Charles Glass is a broadcaster, journalist and writer, who began his journalistic career in 1973 at the ABC News Beirut bureau. He covered the October Arab-Israeli War on the Egyptian and Syrian fronts and the civil war in Lebanon, where artillery fire wounded him in 1976. He was ABC News Chief Middle East correspondent from 1983 to 1993. Since 1993, he has been a freelance writer in Paris, Tuscany, Venice and London, regularly covering the Middle East, the Balkans, southeast Asia and the Mediterranean region. He has also published books, short stories, essays and articles in the United States and Europe.
In 1986, he interviewed the hostage crew of TWA flight 847 on the tarmac of Beirut Airport. He broke the news that the hijackers had removed the hostages from the plane and hidden them in the suburbs of Beirut, causing the Reagan Administration to abort a rescue attempt. In 1987, he was abducted and held hostage for two months before escaping from his Shiite Muslim captors. In 1988, he exposed Saddam Hussein's then-secret biological weapons program. The U.S. government rejected Glass's claims, until Iraq invaded Kuwait in 1990. In addition, Glass was the only U.S. television correspondent in northern Iraq covering the entire Kurdish rebellion in 1991. One year later, he went alone with a hidden camera to Indonesian-occupied East Timor and, despite government restrictions, filmed and filed a report on repression and torture. This report influenced a U.S. Senate committee to vote to suspend U.S. military aid to Indonesia. He has covered wars in the Middle East, Eritrea, Rhodesia, Somalia, Iraq and Bosnia-Herzegovina. He was correspondent for CNN & TIME; he covered the 2003 invasion of Iraq for ABC News and Harper's magazine; he returned to Iraq in 2004 for The Independent and the London Review of Books.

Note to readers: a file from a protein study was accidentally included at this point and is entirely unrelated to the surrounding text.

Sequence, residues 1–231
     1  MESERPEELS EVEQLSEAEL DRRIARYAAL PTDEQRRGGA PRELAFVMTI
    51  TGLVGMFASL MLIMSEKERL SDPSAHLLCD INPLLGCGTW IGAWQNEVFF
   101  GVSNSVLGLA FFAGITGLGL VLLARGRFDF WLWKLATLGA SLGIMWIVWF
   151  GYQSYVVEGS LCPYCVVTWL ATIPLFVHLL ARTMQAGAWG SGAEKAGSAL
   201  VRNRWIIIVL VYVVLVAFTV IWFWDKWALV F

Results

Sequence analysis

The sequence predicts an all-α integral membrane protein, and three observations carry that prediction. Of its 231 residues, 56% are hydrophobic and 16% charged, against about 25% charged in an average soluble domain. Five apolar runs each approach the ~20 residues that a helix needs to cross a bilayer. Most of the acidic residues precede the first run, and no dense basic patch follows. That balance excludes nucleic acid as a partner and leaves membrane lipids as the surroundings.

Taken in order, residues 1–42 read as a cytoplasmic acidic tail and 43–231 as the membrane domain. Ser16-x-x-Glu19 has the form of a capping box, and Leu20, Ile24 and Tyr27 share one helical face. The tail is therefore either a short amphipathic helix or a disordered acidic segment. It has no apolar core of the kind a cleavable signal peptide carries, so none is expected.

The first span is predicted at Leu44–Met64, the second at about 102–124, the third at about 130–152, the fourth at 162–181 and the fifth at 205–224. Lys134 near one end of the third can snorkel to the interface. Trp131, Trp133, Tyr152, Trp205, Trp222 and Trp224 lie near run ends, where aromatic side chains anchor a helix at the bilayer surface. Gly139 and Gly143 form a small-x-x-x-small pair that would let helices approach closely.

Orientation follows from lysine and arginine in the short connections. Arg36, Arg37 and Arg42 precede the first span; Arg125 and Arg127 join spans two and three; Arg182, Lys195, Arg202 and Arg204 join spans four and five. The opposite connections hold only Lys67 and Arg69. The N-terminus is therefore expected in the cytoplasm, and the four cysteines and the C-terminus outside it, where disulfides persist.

Glass has served as correspondent for Newsweek magazine and The Observer. For more thirty years, he has been a regular contributor and columnist in newspapers and magazines in the United States and the United Kingdom. He has lectured regularly on the Middle East, American foreign policy, world journalism and human rights in the United States and Britain. His work has appeared in TIME magazine, Chicago Daily News, The Guardian, The Daily and Sunday Telegraph, The Independent and Independent on Sunday, The Spectator, New Statesman, Times Literary Supplement, Rolling Stone, Esquire, GQ and The American Conservative.
His books include Tribes with Flags, Money for Old Rope, The Tribes Triumphant, The Northern Front, Americans in Paris: Life and Death Under the Nazi Occupation, 1940-1944, and The Deserters: A Hidden History of World War II.
He has made many documentary films including "Pity the Nation: Charles Glass' Lebanon"; "Iraq: Enemies of the State" about military escalation and human rights abuses: "Stains of War" about war photographers; "The Forgotten Faithful" about the Palestinian Christian exodus from the West Bank; "Our Man in Cairo"; "Islam" for London Weekend Television; and "Sadat: An Action Biography" for ABC.
Charles is a dual US/UK citizen.